Note: If these options aren’t enabled, it might be because your layer is blocked. Make sure your layer is selected and visible!

Do keep in mind that you need a layer underneath for the Multiply blend mode to have an effect. If you have a single layer and you change the blend mode from Normal to Multiply, you won’t see any difference. (The same is true if the layer underneath is a pure white background!)

Multiply blend mode: a step-by-step example

As I mentioned above, one of the common uses of Multiply blend mode is to fix an overexposed photograph. That’s what I’ll do for my example image:

I’ve already opened my image on a new layer, so I’ll start by adding a Curves adjustment layer. You can do this by clicking on the “Create a new fill or adjustment layer” button at the bottom of the Layers panel:

Without making any adjustments in the Curves properties panel, I’ll simply change the blending mode to Multiply, and the image will immediately darken:

You can already see the difference, but if you want, you can also make some adjustments to the Curves layer:

After adjusting the curve, it’s clear that the darker areas have become too dark. So I’ll lower the opacity a bit:

In my opinion, the brightest areas are too bright, so I’ll duplicate the Curves layer. (Duplicating a layer preserves its blending mode settings; in this case, my duplicate Curves layer is still in Multiply mode at 90% opacity.)

But I don’t want to darken the entire shot – just the too-bright areas – so I’ll fill the layer mask with black so that the second multiply effect isn’t visible. Then, using a white brush, I’ll paint over the brightest areas to reveal the darkening effect.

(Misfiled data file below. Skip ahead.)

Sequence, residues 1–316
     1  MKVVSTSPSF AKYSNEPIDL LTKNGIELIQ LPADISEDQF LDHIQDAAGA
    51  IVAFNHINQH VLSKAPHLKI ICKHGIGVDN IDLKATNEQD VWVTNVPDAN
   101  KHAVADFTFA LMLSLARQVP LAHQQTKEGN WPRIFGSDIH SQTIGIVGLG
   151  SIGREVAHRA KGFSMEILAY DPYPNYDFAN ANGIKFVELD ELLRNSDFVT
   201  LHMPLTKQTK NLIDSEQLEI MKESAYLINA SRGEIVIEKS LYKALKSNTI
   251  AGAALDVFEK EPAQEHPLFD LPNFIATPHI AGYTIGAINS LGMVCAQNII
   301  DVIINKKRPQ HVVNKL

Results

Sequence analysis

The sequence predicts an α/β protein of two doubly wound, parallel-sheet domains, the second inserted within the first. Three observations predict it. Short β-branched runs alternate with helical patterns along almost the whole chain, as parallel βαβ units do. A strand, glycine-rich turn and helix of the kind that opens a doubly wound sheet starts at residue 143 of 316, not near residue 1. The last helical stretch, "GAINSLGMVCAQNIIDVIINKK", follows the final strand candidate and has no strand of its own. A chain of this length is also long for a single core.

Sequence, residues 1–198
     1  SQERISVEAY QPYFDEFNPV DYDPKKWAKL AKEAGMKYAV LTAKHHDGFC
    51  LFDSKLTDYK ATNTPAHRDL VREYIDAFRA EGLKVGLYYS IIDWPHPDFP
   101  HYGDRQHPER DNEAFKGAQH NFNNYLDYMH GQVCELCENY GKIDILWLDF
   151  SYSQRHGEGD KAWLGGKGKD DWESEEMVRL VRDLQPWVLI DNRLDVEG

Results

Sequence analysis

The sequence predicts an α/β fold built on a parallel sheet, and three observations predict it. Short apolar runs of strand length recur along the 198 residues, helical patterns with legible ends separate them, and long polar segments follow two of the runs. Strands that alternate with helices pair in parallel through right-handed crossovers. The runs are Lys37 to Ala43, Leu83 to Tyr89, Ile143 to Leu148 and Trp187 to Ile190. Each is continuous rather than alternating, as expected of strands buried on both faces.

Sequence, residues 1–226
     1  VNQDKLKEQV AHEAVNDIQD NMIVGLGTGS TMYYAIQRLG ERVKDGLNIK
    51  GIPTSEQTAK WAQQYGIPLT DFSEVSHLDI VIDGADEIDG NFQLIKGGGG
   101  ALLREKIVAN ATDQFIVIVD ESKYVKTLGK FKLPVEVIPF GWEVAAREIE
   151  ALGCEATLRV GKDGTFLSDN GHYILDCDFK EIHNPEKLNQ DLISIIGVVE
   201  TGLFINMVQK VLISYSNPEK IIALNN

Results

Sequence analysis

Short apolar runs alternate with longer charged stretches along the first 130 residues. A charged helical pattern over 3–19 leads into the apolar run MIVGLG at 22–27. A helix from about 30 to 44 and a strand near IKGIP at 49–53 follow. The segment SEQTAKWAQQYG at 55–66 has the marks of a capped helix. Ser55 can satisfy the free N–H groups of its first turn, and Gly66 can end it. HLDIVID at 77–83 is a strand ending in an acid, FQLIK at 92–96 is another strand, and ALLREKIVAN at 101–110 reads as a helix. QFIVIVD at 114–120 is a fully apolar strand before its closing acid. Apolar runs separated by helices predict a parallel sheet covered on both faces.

Here’s a before and after comparison:

Multiply blend mode tips

Here are a few quick tips so you can fine-tune the Multiply effect according to your needs:

1. Try using Blend If

The Blend If feature allows you to adjust how layers blend according to their content.

For example, let’s say that the shadows of my image turn out too dark due to the Multiply mode. I can use Blend If to tell Photoshop to blend my top layer only with the brightest parts of the base layer. That way, I can darken the highlights without losing details in the shadows.

You can find the Blend If feature inside the Layer Style dialog box. To reach this, go to the Layers panel. Then double-click on the layer that you want to adjust. (Make sure you click in the blank space next to the layer’s name. Otherwise, you’ll open a different menu or feature!)

The Layer Style box will pop up, and you should then find the Blend If section. Here, you’ll see two gradients; the top one refers to the layer on which you’re working, and the bottom one refers to the layer underneath.

Simply click and drag the handles along these gradients to modify the blending effect. Note that each handle has a line in the middle, which allows you to split the handle and create a smoother transition. To do this, simply hold the Alt/Opt key and drag along the handle!

2. Use Multiply with brushes

The Multiply blend mode is not only available for layers; it can also be used with brushes. All you need to do is select the Brush tool, then head to the Options bar at the top of the screen.

Then open the Blend drop-down menu (next to the word “Mode”). Scroll down and click on Multiply:

Then go ahead and paint with your brush! Whatever you paint will interact with the layer underneath by following the Multiply blend mode rules.

Multiply blend mode: final words

Now that you’ve finished this article, you know all about using the Multiply blend mode, so go ahead and try it out! See what you can create, and have some fun experimenting with different effects.

Note that, while I talked about using the Multiply blend mode in Photoshop, you’ll also find this effect in other editing programs that work with layers. And in most cases, it’ll behave in the exact same way!

How do you plan to use Multiply? Do you have any tips or tricks that I didn’t discuss in the article? Share your thoughts in the comments below!

The post Multiply Blend Mode: A Comprehensive Guide appeared first on Digital Photography School. It was authored by Ana Mireles.